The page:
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GAP Analysis Predicted Distribution Map

Hairy Woodpecker (Picoides villosus)

Species Code: PIVI

Click to enlarge Range map

= Core Habitat
= Marginal Habitat

Breeding Range Map
The green area shows the predicted habitats for breeding only. The habitats were identified using 1991 satellite imagery, Breeding Bird Atlas (BBA), other datasets and experts throughout the state, as part of the Washington Gap Analysis Project. Habitats used during non-breeding months and migratory rest-stops were not mapped.

Metadata (Data about data or how the map was made)

Click to enlarge distribution map

Compare range maps with other woodpeckers

Map with Breeding Bird Atlas records

Other maps & Information:
  • Breeding Bird Atlas
  • NatureMapping observations
    during breeding season
  • NatureMapping observations
    throughout the year

This species is fairly common in mixed and coniferous forests throughout the state, at low and moderate elevations, occurring less commonly in sub-alpine forests.

All forested zones, Alpine/Parkland, and steppe zones at the edges of the Columbia Basin were core areas of use. Good habitats were wooded parks, conifer-lined rivers or shorelines, tree savanna (except in the Oak zone), and all mixed and conifer forests. They were not modeled in developed areas (other than wooded parks), though they occasionally occur in neighborhoods where conifer stand are present.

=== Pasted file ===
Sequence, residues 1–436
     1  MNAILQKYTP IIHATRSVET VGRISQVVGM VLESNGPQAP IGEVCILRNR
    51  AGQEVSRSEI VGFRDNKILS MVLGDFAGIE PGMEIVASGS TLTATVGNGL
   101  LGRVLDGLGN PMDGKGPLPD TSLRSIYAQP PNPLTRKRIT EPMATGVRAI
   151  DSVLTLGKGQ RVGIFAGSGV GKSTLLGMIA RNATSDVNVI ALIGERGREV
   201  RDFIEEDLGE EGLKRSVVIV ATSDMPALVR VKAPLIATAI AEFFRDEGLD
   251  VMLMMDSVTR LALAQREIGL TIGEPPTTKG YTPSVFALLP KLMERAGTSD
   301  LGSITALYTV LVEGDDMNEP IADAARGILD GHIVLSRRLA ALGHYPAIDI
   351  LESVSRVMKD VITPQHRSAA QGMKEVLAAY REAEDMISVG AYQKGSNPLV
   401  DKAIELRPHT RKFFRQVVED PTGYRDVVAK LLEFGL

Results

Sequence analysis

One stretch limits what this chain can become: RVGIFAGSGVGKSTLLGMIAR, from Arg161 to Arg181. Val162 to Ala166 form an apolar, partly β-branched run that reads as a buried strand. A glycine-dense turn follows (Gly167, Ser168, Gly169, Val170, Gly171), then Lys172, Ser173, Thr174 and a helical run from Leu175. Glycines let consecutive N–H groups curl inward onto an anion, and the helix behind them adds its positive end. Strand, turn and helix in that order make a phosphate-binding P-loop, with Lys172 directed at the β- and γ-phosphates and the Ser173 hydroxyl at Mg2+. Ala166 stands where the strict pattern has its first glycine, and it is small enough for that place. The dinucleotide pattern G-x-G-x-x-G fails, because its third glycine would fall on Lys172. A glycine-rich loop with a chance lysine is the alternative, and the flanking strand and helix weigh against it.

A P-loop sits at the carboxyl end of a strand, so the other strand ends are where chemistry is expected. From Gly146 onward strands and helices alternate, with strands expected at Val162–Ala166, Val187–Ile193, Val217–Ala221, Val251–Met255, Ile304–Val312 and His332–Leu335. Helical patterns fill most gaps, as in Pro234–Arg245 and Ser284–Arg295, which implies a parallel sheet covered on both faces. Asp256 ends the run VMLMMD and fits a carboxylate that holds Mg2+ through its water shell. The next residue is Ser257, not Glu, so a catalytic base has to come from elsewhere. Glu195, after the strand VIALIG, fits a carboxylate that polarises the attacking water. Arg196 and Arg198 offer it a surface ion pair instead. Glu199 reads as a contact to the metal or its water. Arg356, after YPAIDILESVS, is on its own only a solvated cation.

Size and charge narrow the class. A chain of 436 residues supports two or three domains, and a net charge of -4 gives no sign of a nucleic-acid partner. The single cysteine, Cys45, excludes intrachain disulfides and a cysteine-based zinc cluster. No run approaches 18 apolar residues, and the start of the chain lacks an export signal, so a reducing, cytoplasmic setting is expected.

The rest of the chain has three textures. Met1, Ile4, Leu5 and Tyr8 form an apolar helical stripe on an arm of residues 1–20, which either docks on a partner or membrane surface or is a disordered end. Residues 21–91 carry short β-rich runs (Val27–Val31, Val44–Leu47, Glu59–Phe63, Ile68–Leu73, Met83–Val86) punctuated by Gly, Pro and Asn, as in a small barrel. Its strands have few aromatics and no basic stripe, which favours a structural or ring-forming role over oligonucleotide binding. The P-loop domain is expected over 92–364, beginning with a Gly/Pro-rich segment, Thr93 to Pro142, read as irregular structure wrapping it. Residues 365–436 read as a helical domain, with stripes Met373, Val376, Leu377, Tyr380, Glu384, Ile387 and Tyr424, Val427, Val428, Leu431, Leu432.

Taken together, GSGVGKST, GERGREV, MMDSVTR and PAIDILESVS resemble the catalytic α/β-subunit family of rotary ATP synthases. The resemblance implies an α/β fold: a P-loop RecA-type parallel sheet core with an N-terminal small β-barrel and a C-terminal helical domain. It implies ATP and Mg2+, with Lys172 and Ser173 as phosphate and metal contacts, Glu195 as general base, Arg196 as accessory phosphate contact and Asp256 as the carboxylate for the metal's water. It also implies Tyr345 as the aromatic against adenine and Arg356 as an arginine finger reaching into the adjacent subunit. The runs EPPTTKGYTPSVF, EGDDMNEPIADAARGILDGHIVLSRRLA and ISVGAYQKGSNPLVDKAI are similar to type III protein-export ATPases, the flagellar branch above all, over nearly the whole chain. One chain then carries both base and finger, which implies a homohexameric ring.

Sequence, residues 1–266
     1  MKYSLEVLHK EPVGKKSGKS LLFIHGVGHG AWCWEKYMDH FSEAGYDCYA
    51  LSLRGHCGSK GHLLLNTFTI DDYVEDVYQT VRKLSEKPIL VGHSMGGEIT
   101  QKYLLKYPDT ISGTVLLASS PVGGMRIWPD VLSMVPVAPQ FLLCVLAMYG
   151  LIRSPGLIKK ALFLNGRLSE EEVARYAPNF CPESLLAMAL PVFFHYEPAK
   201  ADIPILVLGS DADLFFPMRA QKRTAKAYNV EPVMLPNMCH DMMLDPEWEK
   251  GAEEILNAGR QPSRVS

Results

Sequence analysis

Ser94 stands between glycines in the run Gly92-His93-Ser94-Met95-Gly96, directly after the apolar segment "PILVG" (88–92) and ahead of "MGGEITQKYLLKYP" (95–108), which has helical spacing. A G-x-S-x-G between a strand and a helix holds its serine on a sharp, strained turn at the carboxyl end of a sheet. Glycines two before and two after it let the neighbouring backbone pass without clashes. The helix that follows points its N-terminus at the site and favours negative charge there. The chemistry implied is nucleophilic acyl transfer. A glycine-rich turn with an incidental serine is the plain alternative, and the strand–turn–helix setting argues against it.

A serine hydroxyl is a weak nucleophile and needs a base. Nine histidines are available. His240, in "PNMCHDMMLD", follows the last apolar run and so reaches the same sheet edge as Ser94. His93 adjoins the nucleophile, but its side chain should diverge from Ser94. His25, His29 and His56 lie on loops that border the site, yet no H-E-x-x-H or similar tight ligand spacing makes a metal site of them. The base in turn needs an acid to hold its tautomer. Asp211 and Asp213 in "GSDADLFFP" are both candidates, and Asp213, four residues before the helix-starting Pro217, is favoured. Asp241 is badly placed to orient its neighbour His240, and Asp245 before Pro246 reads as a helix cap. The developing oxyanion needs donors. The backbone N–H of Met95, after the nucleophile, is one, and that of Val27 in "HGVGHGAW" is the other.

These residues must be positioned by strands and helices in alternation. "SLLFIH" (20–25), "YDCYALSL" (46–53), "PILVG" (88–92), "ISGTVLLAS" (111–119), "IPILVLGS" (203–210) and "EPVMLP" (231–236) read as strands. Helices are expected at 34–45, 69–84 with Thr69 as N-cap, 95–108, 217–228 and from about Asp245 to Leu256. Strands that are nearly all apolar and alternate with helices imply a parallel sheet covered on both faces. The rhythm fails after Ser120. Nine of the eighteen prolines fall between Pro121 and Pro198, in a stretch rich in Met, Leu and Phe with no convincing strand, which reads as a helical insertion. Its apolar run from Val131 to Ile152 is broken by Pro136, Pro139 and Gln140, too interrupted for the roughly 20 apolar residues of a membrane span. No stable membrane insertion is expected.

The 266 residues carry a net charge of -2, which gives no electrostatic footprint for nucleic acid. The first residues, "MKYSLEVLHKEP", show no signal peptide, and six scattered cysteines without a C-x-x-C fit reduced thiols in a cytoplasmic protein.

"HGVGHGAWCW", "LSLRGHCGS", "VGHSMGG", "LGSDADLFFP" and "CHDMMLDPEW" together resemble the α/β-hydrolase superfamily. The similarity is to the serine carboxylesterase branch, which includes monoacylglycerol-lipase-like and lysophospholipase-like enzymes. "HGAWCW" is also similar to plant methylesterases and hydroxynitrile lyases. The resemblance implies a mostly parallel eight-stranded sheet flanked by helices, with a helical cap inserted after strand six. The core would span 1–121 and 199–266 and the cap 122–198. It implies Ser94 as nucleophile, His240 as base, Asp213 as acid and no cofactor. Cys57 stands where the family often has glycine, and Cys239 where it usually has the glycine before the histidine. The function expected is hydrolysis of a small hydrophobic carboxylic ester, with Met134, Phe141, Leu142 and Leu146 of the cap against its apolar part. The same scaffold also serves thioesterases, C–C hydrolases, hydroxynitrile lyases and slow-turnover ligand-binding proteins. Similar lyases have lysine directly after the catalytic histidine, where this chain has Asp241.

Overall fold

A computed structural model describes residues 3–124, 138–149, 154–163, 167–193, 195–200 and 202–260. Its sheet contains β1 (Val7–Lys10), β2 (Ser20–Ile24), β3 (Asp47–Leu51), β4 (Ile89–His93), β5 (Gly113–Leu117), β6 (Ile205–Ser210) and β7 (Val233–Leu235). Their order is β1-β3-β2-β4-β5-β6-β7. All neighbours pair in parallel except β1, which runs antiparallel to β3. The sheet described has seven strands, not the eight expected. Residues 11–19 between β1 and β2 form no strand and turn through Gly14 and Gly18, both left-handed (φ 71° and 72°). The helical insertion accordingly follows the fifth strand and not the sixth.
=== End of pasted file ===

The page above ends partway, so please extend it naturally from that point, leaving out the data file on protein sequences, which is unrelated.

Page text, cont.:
Three subspecies breed in Washington: P. v. monticola in far eastern Washington, P. v. orius of the Cascades, and P. v. harrisi of western Washington. The Hairy Woodpecker and Downy Woodpecker have neatly divided the state based on their individual tree preferences: Downy Woodpeckers prefer hardwood trees while Hairy Woodpeckers prefer coniferous trees. Thus the Hairy Woodpeckers is found in virtually every zone where coniferous trees are the dominate taxa. At higher elevations, forest communities become almost entirely coniferous (even riparian corridors), so Downy Woodpeckers are usually absent, except occasionally at burns. The Hairy Woodpecker may be found even in high boreal forests, often alongside its boreal counterpart, the Three-toed Woodpecker. In the Puget Trough, where conifer trees have largely been replaced by hardwoods, Hairy Woodpeckers are uncommon and mostly replaced by Downy Woodpeckers.

Translated from the Washington Gap Analysis Bird Volume by Uchenna Bright
Text edited by Gussie Litwer
Webpage designed by Dave Lester